….The ideal today is “democratic policing,” a concept developed by scholars like Gary T. Marx at MIT. Broadly, this refers to a police force that is publicly accountable, subject to the rule of law, respectful of human dignity and that intrudes into citizens’ lives only under certain limited circumstances.
Partly in response to this ideal, policing in America has evolved considerably over the past 50 years. There have been changes in hiring, how relations with civilians are managed and what technologies are used.
The 20th century has seen a slow but steady integration of minorities and women within police forces. Different managerial models aimed at improving relations with citizens have also influenced policing over the last 40 years. The most prominent among these are community-oriented policing, problem-oriented policing and intelligence-led policing.
Policing has also been deeply transformed by the rapid integration of new technologies leading to computerization of police forces such as the profiling of crime hotspots, access to a broader range of weapons like tasers and the deployment of surveillance technologies like drones and closed circuit TV.
Some of these changes have been positive, but as recent events show, many problems remain. Why hasn’t more progress been made?….
How Police See Us, and How They Train Us to See Them
Source: Greg Howard, New York Times Magazine, July 8, 2016
….In a vacuum, the United States of America is not a war zone. Falcon Heights, Minn., is not a war zone. Dallas is not a war zone. The nation’s thruways are not war zones. In a vacuum, police officers shouldn’t kill the very citizens they swear to protect. But the police, especially officers who commute to patrol communities not their own, are — or can act very much like — an occupying force…..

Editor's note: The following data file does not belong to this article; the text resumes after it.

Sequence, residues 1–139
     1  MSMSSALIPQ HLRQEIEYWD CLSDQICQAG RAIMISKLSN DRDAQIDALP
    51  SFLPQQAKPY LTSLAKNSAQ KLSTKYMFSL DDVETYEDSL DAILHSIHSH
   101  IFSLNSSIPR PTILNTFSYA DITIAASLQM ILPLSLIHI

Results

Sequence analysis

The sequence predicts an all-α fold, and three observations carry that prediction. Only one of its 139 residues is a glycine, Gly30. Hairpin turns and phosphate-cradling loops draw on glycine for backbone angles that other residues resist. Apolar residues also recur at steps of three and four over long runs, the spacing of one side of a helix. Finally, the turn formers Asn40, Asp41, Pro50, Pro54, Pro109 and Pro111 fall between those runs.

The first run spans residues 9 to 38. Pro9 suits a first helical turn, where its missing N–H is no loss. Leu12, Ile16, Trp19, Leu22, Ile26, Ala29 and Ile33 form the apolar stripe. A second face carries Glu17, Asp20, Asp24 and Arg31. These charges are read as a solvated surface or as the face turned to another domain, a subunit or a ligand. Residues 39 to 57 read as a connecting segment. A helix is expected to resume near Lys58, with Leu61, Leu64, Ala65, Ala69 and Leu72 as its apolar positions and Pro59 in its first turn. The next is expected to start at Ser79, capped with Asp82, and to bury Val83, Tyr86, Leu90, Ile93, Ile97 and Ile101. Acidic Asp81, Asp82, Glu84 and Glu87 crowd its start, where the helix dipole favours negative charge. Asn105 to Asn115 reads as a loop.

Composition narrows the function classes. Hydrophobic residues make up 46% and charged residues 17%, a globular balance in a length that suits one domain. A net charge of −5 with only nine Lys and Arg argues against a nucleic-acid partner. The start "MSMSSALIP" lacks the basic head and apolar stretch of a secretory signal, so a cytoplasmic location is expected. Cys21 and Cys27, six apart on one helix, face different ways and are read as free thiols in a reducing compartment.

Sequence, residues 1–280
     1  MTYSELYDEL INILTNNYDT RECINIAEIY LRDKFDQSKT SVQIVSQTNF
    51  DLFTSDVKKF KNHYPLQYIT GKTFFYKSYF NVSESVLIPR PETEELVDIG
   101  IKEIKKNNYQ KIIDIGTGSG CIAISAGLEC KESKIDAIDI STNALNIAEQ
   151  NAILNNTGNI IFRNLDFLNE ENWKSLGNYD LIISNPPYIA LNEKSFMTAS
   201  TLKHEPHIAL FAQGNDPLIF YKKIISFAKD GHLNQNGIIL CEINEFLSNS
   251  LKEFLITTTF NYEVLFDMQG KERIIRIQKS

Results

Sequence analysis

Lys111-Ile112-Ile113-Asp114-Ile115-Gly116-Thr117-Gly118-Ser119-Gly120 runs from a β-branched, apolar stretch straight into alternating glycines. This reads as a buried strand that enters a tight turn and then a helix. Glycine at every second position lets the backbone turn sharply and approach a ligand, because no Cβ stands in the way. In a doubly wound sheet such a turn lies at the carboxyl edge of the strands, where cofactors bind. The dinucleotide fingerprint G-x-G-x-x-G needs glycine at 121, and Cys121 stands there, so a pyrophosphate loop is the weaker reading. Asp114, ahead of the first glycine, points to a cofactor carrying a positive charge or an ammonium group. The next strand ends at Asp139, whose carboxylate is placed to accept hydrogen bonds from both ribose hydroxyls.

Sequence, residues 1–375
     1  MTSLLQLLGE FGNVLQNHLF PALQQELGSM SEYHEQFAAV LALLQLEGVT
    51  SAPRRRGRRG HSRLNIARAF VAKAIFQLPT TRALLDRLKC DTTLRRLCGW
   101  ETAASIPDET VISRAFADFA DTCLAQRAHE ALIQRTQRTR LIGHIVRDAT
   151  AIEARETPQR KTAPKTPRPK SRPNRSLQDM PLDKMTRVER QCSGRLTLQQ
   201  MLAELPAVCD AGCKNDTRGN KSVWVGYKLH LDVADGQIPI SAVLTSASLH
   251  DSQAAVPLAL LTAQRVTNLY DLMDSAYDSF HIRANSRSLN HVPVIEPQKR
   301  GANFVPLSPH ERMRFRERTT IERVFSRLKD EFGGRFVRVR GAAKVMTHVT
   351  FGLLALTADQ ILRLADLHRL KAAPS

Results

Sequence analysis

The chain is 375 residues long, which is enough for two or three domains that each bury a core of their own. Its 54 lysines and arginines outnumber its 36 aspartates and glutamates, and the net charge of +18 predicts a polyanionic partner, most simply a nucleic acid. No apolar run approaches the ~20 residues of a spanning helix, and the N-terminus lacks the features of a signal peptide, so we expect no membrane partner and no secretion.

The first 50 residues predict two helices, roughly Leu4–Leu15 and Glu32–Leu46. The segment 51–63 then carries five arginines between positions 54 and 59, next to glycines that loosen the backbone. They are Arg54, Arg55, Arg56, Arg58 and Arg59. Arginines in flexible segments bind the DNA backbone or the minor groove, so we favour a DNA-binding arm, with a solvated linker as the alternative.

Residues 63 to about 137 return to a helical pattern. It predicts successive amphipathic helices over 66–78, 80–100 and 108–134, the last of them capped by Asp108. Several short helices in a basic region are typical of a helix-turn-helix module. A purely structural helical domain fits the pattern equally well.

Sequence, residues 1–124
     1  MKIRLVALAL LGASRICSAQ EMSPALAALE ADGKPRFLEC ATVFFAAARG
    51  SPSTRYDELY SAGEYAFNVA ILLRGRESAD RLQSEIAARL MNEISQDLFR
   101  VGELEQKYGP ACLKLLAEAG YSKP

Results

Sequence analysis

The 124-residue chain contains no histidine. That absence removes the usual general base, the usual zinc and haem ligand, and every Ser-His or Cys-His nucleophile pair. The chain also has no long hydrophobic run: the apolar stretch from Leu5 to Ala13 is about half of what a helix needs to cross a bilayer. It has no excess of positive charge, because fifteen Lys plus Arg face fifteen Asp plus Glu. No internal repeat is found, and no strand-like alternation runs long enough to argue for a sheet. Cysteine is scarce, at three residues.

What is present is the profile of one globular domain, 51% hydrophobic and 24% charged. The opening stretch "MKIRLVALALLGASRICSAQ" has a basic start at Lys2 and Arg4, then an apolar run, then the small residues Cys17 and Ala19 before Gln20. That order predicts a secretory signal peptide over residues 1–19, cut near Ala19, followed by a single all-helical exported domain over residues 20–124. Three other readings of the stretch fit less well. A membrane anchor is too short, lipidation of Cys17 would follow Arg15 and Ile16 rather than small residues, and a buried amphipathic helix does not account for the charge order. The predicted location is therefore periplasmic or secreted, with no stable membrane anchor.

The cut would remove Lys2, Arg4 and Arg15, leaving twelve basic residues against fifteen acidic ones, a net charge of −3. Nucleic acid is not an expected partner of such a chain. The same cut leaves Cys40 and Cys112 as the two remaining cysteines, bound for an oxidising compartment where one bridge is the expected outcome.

A Police Department That’s Embraced Reform
Source: Leon Neyfakh, Slate, July 8, 2016
Under Chief David Brown, the Dallas PD has made tremendous strides in curbing excessive force and reducing officer-involved shootings.
Training to reduce ‘cop macho’ and ‘contempt of cop’ could reduce police violence
Source: Frank Rudy Cooper, The Conversation, December 18, 2015
It must be a terrible burden knowing that you might have to make a quick decision about whether to yell at someone, shock them, or shoot them dead. That is the weight inherent in the job of a police officer. Nonetheless, we appropriately expect cops to maintain a peacekeeping mentality – to remain calm, patient and controlled even in life-or-death situations. Unfortunately, patient and nonaggressive policing will be rare unless we train officers to overcome the rules of what I call cop macho….. While the debate over police abuses has focused on race, I argue we need to consider how the desire to act in ways society deems manly has influenced policing…..
How video can help police – and the public
Source: Mary Angela Bock, The Conversation, July 5, 2016
…..One of the most dramatic ways camera proliferation is changing our lives is in the area of law enforcement. Dashcams have been around for years and are increasingly popular. President Obama called for local departments to start equipping officers with badge cams. Citizens, too, have cameras, usually in their smartphones, but increasingly on their own dashboards. Yet even with all this footage, we are often in the dark about what really happens during police encounters.
For the past three years I’ve been studying the police accountability movement and the role that video has played in fueling activism by citizens concerned about criminal justice policies in their communities. “Cop-watching,” as it’s known informally, cannot be understood without also studying the way the law enforcement community uses video. As a result, my work has taken me to courtrooms, police stations and city streets where citizens and police are watching each other through their camera lenses…..
Police should put away the military gear and build connections with young people
Source: Arthur Romano, The Conversation, August 12, 2015
….While the protests bring awareness to the crisis of police overreach and brutality, thousands of dedicated people are working for greater police accountability and more community involvement in shaping policing practices.
As a researcher and educator in the field of conflict resolution, I witness firsthand these efforts for change. Unfortunately, these positive steps are being squeezed by lack of funding and support and are harmed by a misguided emphasis on militarized policing…..